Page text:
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Hotel development limits affecting hotel openings

Barcelona is another market in moratorium, with limits introduced two years earlier than its Dutch counterpart. The result has been muted supply growth that’s been outpaced by demand and caused performance increases for existing hotels. A number of pre-moratorium projects are yet to come online, meaning Barcelona will welcome a projected 19 properties and 3,047 hotel rooms between November 2019 and December 2022. After that, who knows?


Venice tourism authorities have taken a different approach, choosing to implement a tax for day visitors—which will come into effect in July 2020. This is unsurprising given the number of cruise ships that dock in the market as well as its road-trip proximity to other Italian cities, Slovenia and Northern Croatia. 

Asia arrivals on the rise


 

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Growing trend for tourism arrivals in Asia markets

A rise in visitor numbers has not been limited to Europe as several markets in Asia have reported consecutive years of international arrival growth which is reflected in occupancy increases for notable markets.

Indonesia reported double-digit arrival increases between 2015 and 2018, with 4.6% expected for 2019. Occupancy has risen over the same period in Bali and Sumatra, which reported compound annual growth rates of 3.7% and 2.7%, respectively.

Vietnam arrivals, after a slower increase in 2015, reported growth of 20% and above from 2016-18. Ho Chi Minh City, one of its most popular destinations, produced an occupancy CAGR of 2.4% over the 2015-18 period.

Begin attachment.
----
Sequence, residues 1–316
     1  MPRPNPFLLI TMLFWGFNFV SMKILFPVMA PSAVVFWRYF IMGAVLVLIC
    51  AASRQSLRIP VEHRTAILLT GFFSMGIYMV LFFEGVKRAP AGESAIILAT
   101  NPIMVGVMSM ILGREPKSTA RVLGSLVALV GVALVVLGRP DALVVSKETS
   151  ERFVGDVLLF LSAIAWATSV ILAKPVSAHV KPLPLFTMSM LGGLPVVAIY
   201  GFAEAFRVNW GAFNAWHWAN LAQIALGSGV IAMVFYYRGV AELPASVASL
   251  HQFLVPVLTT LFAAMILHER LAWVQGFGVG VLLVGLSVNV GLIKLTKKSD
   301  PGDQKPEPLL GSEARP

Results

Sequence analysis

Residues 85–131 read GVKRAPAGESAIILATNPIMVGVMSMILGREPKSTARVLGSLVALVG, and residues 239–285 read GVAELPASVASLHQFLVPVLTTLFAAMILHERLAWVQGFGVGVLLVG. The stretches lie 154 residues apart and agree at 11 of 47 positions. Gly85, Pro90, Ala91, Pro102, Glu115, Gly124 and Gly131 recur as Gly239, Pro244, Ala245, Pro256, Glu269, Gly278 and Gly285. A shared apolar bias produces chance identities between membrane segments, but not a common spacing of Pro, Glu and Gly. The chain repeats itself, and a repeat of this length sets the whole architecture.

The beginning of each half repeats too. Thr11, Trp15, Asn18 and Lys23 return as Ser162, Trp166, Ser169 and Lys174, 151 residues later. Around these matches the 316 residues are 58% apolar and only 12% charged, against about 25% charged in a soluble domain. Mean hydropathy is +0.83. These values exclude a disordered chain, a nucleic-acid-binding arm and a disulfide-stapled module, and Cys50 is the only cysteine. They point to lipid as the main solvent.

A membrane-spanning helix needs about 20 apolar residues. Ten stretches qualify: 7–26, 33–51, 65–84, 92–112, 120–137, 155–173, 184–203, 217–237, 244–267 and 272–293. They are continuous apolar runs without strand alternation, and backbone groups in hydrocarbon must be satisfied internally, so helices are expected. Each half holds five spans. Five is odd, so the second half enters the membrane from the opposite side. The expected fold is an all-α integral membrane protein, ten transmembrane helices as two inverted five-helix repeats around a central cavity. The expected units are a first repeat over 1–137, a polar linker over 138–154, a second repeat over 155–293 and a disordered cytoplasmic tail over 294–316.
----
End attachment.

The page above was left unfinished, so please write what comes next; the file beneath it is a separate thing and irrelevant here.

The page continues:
Thailand has been a popular destination for many years and is hardly experiencing a tourism boom, yet it consistently achieves yearly arrival growth. Following significant increases between 2015 and 2018, a 4.1% lift is expected in 2019. Bangkok has benefitted in recent years, with hotels producing a 1.3% occupancy CAGR over the same period.

Franchise hotel openings – U.S. versus Europe

Franchise properties account for the largest share of all hotel operation types in the U.S., while independent remains the dominant model in Europe with franchise ranked third behind chain managed. However, when we compare European room share between 2009 and 2019, independents declined by 5.0% and allowed both chain managed and franchised to grow their share. The latter reported the highest room supply growth over this period, rising 2.7%.

The franchise model is on the rise and is reflected in the number of yearly room openings. Franchised supply growth sat at just under 15,000 rooms in 2009 but rose to just below 25,000 in 2018.

For parent companies, franchised properties often result in lower costs and an opportunity for rapid growth. This enables revenue growth, while a management company assumes responsibility.

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Europe's hospitality industry has shown a trend for decreased independent hotels